One thing that the last couple of years have taught us is that entire industries and businesses have the potential to successfully change tack and digitally transform in short timeframes.
The financial services industry, in particular, has traditionally been behind when it comes to digital transformation but this is changing. Even before the pandemic online banks were forcing legacy brands to innovate as they competed with digital-native fintech firms such as Monzo and Revolut.
For financial institutions to stay relevant and compete with these digital disruptors, they have had to utilise technology to create personalised products and services for their customers, creating a better hybrid experience and streamlining processes via their apps and websites.
Looking at our Fit for the Future (FFTF) report, it’s clear that those businesses that are further along their digital journeys are better prepared for future challenges and are more likely to outperform their competitors.
Identifying emerging business challenges and analysing how companies of all sizes were prepared to tackle them, our report found that some businesses had not only survived but thrived during the pandemic.
We call them ‘Fit for the Future’ (FFTF) and they can be recognised by six common characteristics. They have a positive attitude to change, are open to new technology, actively plan for their technological futures and have a detailed strategy. They are also up to date with emerging trends and are adaptable.
Thanks to these traits, these businesses were able to manage unexpected challenges such as changing employee expectations, customer’s evolving demands and increased competition, better than the rest. In fact, analysis of our research by the London School of Economics found a link between being ‘fit for the future’ and a stronger financial performance*.
Overall, we found technology plays a large part in being future ready. It has the power to transform ways of working, helping to solve business problems and deliver new and improved services.
Financial services firms recognise its importance, with our FFTF report finding that 69% of organisations in the financial sector now have a roadmap for digital transformation, whilst over half have already started implementing a digital transformation strategy.
The sector is also leading the way in its adoption of modern technologies, with half of the businesses surveyed stating that they like to be the first to try out new a technology, and just a fifth wait for the technology to become mainstream before investing.
This open-minded approach to technology means that the financial services sector is ahead of other sectors in adopting new technologies such as blockchain, Multi-Access Edge Computing, and Mobile Private Networks.
As the world continues to become more digitally driven, those who can use technology to better support the customer experience will win big in the future.
Customers across all industries have become accustomed to a positive digital experience as a result of the pandemic, and those in the financial services sector are certainly no different.
Our research shows that financial services firms believe that their customers are continuing to become more powerful, with 72% of those surveyed believing this to be the case.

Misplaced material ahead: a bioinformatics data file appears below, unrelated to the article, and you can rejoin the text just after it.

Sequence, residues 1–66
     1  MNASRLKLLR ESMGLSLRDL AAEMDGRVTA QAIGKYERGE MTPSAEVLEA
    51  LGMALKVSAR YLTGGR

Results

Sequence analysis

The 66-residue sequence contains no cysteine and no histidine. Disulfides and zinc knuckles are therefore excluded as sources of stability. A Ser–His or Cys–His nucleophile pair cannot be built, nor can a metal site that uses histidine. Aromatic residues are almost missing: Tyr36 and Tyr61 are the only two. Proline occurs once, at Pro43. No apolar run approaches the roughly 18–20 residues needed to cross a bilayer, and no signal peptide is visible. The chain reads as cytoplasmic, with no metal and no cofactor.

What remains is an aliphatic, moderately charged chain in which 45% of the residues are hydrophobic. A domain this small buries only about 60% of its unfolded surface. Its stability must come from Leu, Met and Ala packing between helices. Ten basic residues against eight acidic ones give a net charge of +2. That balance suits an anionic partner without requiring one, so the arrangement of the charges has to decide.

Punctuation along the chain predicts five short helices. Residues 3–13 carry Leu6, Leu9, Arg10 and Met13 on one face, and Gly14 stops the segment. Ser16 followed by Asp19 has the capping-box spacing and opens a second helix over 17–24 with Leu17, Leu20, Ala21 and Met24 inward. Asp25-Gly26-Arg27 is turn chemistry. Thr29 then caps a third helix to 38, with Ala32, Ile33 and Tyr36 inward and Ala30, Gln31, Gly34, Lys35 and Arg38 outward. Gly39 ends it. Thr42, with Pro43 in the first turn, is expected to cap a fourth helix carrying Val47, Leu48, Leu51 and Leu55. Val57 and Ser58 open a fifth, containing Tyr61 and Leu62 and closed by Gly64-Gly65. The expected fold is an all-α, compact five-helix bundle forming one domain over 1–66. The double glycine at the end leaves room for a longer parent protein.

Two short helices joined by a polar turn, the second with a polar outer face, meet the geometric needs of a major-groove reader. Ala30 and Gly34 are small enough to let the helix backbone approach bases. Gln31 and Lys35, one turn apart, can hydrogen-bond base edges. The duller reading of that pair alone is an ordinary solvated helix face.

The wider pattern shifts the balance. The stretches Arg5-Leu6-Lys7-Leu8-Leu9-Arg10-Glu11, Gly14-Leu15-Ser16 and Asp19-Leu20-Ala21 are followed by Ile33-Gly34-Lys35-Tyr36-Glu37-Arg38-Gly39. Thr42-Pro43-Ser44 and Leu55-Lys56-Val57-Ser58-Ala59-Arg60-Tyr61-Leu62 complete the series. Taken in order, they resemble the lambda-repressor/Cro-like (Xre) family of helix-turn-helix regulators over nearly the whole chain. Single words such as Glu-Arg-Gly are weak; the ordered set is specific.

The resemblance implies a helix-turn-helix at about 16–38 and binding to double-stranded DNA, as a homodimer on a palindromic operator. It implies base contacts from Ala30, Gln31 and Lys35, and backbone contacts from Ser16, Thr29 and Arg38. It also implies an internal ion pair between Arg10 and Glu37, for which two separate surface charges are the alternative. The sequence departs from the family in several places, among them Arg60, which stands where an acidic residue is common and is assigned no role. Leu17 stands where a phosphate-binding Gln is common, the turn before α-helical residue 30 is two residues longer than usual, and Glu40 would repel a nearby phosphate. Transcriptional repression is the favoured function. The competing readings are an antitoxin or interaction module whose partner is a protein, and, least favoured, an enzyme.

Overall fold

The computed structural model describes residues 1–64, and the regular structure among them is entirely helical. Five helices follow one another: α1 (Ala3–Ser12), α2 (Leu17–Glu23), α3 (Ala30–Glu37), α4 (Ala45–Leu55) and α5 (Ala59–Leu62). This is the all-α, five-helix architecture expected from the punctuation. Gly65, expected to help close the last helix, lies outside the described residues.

These customers are becoming more demanding in a number of areas, including access to better products and services, the ability to interact with brands anytime and anywhere via digital, and needing personalised experiences.
This drive towards digital has led to 44% of financial services organisations believing that their online presence is set to become more important than their physical one.
The pandemic also emphasised a desire to work with more purpose-driven brands, with 63% of financial services businesses saying that their customers are demanding that they have ethical practices and take a stance on social issues.
These demands are leaking into the workplace too. Employees are similarly keen to work for companies that mimic their own purpose and are demanding a more hybrid experience, searching for more flexibility in terms of where they work, how they work and how many hours they work.
With the current uncertainty of the Great Resignation, it is no surprise that the majority of financial services companies believe that providing the latest technology in the workplace and supporting remote working are crucial for staff retention.
Because of this, the industry is looking at having the right technology in place to support this way of working long-term, to create more desirable workplaces and to better support their people.
From unified communications to immersive technologies like Virtual and Mixed Reality, employers will need to make remote collaboration and communication an easy but engaging experience. Not only will this attract new talent, but it will also help retain the talent they already have, otherwise they risk losing staff to competitors.
What’s clear from our report is that as businesses recover after two years of disruption, they are seeing greater value in being prepared for the future, using digital tools to improve ways of working, enhance their sustainability agendas and better support their customers and employees.
The London School of Economics robust analysis of our Fit for the Future Report states that businesses currently reporting average financial performance (compared to their competitors) that increase their future readiness score by ten points will increase the likelihood of outperforming the competition by 36%. Meanwhile looking at all companies’ Environment, Social and Governance (ESG) measures, organisations increasing their FR index by ten points can expect their ESG commitment to improve by six points; increasingly, requests for tender include ESG criteria.
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